Miami University will be forced to spend tens of millions of dollars on refunds for housing, meal plans and study abroad programs due to campus closures caused by the spread of novel coronavirus, according to an email sent to the faculty from Provost Jason Osborne on March 19.
To save money, Osborne encouraged departments to defer “non-essential” courses, cancel classes with low enrollment and increase section sizes.
“It is in the greatest uncertainty that our current and future actions become ever more important and we all must be careful and strategic stewards of university resources at this time,” Osborne wrote.
David Creamer, senior vice president of finance and business services, wrote in an email to The Miami Student that the long-term effect these refunds will have on the university’s finances is still unclear. He also wrote it’s been challenging for Miami’s staff to process the refunds because most staff members are working remotely.
“We are working to finalize the refunds so we can get this information and the dollars out to students and families as soon as possible,” Creamer wrote.
Parents in Miami’s Parents and Family Members Facebook group debated the necessity of refunds after classes moved online and students living in dorms were required to move out. Some parents said refunds were unnecessary because students are still receiving an education.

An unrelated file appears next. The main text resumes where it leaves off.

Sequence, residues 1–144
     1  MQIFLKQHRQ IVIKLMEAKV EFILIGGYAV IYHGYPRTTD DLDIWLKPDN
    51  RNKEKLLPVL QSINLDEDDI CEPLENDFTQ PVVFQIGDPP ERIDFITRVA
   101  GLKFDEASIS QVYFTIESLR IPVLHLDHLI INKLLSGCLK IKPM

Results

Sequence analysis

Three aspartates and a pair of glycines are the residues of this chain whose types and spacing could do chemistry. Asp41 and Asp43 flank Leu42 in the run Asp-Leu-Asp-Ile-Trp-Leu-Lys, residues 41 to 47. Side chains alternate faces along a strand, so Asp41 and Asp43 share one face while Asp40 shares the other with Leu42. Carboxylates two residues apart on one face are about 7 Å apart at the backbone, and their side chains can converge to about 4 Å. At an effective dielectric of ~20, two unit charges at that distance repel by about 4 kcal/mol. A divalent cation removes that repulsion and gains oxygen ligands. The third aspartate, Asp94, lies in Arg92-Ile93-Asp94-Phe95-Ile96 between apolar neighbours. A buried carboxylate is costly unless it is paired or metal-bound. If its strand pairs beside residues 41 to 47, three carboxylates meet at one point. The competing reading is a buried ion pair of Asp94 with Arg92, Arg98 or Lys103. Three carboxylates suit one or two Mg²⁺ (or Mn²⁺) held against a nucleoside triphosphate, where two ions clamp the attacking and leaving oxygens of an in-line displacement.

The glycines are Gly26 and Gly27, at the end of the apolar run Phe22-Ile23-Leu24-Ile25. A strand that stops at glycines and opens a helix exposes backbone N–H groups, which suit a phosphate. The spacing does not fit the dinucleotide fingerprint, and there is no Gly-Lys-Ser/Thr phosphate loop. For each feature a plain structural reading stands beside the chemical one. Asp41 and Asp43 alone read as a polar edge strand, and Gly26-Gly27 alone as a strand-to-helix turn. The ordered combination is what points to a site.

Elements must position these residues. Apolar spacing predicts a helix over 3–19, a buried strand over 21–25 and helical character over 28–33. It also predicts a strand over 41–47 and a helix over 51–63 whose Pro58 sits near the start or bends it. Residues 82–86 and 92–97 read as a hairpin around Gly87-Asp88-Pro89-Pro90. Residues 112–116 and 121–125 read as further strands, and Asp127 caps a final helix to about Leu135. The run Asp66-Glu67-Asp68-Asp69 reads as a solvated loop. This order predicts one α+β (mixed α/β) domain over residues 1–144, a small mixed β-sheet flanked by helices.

Jackie Moyer Neuerer, a Miami parent, argued that while tuition refunds aren’t necessary, housing refunds should be issued because students are no longer living in their dorms.
“Miami has over $500 million in endowments … they have the means to pay their employees during this time,” Neuerer said. “I know it feels good to say you want the school to not give out refunds, but the flip side of that are families who simply can’t afford to pay for a service that they are not receiving.”
Osborne’s email also said that “most universities are seeing lower confirmations for fall term than expected.” Miami could also experience a lower first-year enrollment due to the coronavirus pandemic.
Bethany Perkins, director of admission, said enrollment for next year is difficult to predict because the current situation is unprecedented, but the cancelation of on-campus tours and events could lead to fewer confirmations.
“Not having students on campus means that every institution is at risk of not engaging them enough or not answering their questions enough,” Perkins said. “We’re really concerned because the key factor in a student being able to commit and know that this will be home for them is now taken away.”
Perkins said a lower enrollment would have a significant financial impact on the university because it depends so much on tuition revenue.
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“We’re incredibly tuition-dependent, so with reduced state funding and the current financial crisis that a pandemic brings, [lower enrollment] would impact us significantly,” Perkins said.
Korrigan Craddock, a senior at Lakewood High School in Hebron, Ohio, is considering attending Miami in the fall. She said she already knew a lot about Miami prior to her visit because of all the information available online, but her campus visit over the summer helped make it one of her top choices.
“I did research before I visited, so I already knew I wanted to consider Miami, but the visit solidified that,” Craddock said. “Deciding on a college is a huge decision, so I wanted to visit to make sure I really liked it.”
Students with questions about the coronavirus and the university’s policies can reach out to Associated Student Government.